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This is the final published version of the article from Orphanet Journal of Rare Diseases, 2020 Nov 30;15(1):336.

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BACKGROUND: Mucopolysaccharidosis (MPS) IVA, also known as Morquio A syndrome, is a rare autosomal recessive lysosomal storage disorder caused by a deficiency in the enzyme N-acetylgalactosamine-6-sulfatase. Early recognition, diagnosis, and treatment of this progressive, multisystem disease by enzyme replacement therapy (ERT) can lead to improved outcomes and reduced mortality.

METHODS: This report documents the diagnostic journey and treatment with ERT of three siblings with MPS IVA. Clinical outcome measures included growth, endurance, imaging, cardiac, respiratory, ophthalmology, and laboratory evaluations.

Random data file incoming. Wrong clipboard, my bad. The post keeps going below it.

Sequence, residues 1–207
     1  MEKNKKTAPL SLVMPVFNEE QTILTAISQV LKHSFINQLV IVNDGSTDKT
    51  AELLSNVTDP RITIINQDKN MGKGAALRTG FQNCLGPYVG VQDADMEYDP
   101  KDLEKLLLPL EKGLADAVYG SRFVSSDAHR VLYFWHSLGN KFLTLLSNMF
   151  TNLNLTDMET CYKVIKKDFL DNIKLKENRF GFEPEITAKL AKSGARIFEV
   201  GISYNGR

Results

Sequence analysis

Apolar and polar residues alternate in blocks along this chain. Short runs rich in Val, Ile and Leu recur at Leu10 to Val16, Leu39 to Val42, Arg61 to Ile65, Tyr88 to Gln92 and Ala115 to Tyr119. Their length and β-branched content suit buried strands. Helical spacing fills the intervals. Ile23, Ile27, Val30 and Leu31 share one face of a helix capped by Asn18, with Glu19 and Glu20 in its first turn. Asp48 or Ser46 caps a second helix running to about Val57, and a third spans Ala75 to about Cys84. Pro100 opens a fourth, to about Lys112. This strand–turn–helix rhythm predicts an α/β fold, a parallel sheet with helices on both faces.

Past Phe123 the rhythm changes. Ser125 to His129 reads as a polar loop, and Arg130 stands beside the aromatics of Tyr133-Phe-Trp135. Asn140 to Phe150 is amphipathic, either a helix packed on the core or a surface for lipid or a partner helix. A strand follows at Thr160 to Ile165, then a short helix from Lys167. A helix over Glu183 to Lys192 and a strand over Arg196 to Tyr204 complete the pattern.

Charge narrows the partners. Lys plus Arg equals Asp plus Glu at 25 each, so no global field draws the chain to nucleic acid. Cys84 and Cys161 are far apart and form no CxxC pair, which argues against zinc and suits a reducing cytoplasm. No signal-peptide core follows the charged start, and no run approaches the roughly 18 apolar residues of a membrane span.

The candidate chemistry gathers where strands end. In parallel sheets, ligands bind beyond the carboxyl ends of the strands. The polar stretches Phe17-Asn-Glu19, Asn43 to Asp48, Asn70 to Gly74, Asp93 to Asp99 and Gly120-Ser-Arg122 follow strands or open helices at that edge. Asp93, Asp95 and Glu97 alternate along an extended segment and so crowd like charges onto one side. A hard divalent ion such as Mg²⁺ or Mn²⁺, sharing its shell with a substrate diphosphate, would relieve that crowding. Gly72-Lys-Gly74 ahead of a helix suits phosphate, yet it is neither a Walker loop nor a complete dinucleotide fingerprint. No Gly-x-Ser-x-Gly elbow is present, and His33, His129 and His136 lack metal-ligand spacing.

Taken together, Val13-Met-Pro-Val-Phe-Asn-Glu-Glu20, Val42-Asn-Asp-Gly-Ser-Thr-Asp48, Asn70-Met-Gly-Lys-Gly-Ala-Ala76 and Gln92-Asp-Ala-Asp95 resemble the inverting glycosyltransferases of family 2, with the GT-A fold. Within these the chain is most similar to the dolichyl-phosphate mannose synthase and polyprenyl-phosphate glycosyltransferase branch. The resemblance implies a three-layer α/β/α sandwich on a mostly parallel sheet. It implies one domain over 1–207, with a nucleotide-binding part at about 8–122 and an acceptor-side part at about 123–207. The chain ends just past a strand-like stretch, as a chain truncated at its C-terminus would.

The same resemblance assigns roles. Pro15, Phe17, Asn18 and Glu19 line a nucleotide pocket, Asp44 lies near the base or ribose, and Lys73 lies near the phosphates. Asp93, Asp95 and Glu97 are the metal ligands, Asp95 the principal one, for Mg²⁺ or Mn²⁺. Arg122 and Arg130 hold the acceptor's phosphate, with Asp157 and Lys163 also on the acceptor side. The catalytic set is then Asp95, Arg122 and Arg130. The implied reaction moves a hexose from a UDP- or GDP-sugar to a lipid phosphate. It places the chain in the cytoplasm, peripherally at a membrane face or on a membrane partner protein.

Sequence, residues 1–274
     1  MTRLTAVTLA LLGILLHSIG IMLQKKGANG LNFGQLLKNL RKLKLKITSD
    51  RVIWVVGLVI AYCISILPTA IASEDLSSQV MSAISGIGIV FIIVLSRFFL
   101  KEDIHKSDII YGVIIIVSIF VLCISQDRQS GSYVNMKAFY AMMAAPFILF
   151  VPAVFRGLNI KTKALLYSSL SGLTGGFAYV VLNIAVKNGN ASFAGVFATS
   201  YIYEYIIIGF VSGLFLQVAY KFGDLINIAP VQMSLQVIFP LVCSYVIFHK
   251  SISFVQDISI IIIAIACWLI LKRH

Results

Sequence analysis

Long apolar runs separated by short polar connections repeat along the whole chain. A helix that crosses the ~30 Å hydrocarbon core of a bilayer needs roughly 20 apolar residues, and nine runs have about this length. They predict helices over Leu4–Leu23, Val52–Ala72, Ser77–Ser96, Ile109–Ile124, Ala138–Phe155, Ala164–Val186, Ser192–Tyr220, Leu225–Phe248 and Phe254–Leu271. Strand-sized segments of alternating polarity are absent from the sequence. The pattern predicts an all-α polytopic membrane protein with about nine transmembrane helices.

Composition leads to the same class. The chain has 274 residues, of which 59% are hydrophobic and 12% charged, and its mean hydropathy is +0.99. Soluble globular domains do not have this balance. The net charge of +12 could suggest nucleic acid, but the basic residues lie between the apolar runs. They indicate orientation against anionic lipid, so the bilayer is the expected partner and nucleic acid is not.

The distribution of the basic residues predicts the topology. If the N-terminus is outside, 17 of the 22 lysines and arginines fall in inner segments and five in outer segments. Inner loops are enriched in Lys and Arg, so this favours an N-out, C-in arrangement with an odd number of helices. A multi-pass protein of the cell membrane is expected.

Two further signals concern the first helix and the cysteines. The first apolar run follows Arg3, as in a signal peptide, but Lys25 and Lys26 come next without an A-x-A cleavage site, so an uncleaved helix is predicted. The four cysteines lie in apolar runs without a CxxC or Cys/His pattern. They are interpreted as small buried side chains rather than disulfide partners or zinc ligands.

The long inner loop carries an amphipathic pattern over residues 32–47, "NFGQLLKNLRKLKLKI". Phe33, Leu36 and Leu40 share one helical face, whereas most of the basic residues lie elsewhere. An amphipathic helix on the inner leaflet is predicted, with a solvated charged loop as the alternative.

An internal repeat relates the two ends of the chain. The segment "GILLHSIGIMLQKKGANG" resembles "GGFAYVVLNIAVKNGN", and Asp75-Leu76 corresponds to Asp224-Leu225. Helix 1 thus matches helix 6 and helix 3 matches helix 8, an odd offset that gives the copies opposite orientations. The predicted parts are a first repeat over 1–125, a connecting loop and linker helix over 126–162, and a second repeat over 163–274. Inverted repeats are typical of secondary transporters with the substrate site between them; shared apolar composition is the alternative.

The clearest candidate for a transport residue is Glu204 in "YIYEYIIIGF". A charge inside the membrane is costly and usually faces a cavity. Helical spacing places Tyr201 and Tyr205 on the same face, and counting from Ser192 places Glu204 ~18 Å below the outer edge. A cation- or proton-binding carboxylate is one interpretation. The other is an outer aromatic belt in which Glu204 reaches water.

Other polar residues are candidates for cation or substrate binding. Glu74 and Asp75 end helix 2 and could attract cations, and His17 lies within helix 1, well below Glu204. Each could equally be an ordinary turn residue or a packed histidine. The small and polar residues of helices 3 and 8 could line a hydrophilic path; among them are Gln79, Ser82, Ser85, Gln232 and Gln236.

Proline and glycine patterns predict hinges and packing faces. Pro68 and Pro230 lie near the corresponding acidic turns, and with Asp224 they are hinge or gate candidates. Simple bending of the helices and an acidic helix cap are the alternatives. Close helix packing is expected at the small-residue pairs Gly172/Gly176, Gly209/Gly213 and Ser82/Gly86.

RESULTS: Three siblings, diagnosed at 14.7, 10.1, and 3.2 years of age, demonstrated clinical improvement with weekly infusions of 2.0 mg/kg elosulfase alfa (Vimizim®, BioMarin Pharmaceutical, Novato, CA, USA). Patient 1 (oldest sibling) and Patient 2 (middle sibling) experienced a diagnostic delay of 8 years 7 months and 4 years after symptom onset, respectively. All three patients demonstrated improvements in growth, 6-min walk distance, joint range of motion, and respiratory function after 30 months of ERT. The treatment was well tolerated without any adverse events.

CONCLUSIONS: This case series highlights the importance of early recognition of the clinical and imaging findings that are initially subtle in MPS IVA. Early treatment with ERT is necessary to slow irreversible disease progression and improve patient outcomes. The oldest sibling experienced improvements in mobility despite severe symptoms resulting from a late diagnosis. When evaluating patients with skeletal anomalies, imaging multiple body regions is recommended. When findings such as anterior beaking of vertebrae or bilateral femoral head dysplasia are present, MPS IVA should be included in the differential diagnosis. Newborn screening must be considered for early detection, accurate diagnosis, and initiation of treatment to reduce morbidity.

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